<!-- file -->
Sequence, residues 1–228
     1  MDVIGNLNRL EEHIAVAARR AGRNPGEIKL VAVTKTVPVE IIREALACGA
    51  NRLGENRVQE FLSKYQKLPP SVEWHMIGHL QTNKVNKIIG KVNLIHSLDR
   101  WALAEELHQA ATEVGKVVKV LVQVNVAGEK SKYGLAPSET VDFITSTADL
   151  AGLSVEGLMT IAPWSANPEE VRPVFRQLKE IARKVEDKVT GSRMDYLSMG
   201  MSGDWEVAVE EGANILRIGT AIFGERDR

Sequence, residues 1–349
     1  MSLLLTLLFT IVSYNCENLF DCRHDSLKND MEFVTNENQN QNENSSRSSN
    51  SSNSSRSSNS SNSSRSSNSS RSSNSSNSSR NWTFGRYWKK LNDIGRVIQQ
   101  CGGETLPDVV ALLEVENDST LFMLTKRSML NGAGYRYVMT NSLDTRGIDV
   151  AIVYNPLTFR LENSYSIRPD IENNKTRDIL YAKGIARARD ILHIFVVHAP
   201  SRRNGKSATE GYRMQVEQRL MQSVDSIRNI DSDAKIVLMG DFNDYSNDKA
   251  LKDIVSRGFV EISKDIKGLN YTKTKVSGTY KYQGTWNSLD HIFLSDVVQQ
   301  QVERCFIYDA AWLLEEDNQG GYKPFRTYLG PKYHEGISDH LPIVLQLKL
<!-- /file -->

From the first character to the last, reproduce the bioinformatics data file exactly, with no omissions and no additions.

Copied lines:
Sequence, residues 1–228
     1  MDVIGNLNRL EEHIAVAARR AGRNPGEIKL VAVTKTVPVE IIREALACGA
    51  NRLGENRVQE FLSKYQKLPP SVEWHMIGHL QTNKVNKIIG KVNLIHSLDR
   101  WALAEELHQA ATEVGKVVKV LVQVNVAGEK SKYGLAPSET VDFITSTADL
   151  AGLSVEGLMT IAPWSANPEE VRPVFRQLKE IARKVEDKVT GSRMDYLSMG
   201  MSGDWEVAVE EGANILRIGT AIFGERDR

Sequence, residues 1–349
     1  MSLLLTLLFT IVSYNCENLF DCRHDSLKND MEFVTNENQN QNENSSRSSN
    51  SSNSSRSSNS SNSSRSSNSS RSSNSSNSSR NWTFGRYWKK LNDIGRVIQQ
   101  CGGETLPDVV ALLEVENDST LFMLTKRSML NGAGYRYVMT NSLDTRGIDV
   151  AIVYNPLTFR LENSYSIRPD IENNKTRDIL YAKGIARARD ILHIFVVHAP
   201  SRRNGKSATE GYRMQVEQRL MQSVDSIRNI DSDAKIVLMG DFNDYSNDKA
   251  LKDIVSRGFV EISKDIKGLN YTKTKVSGTY KYQGTWNSLD HIFLSDVVQQ
   301  QVERCFIYDA AWLLEEDNQG GYKPFRTYLG PKYHEGISDH LPIVLQLKL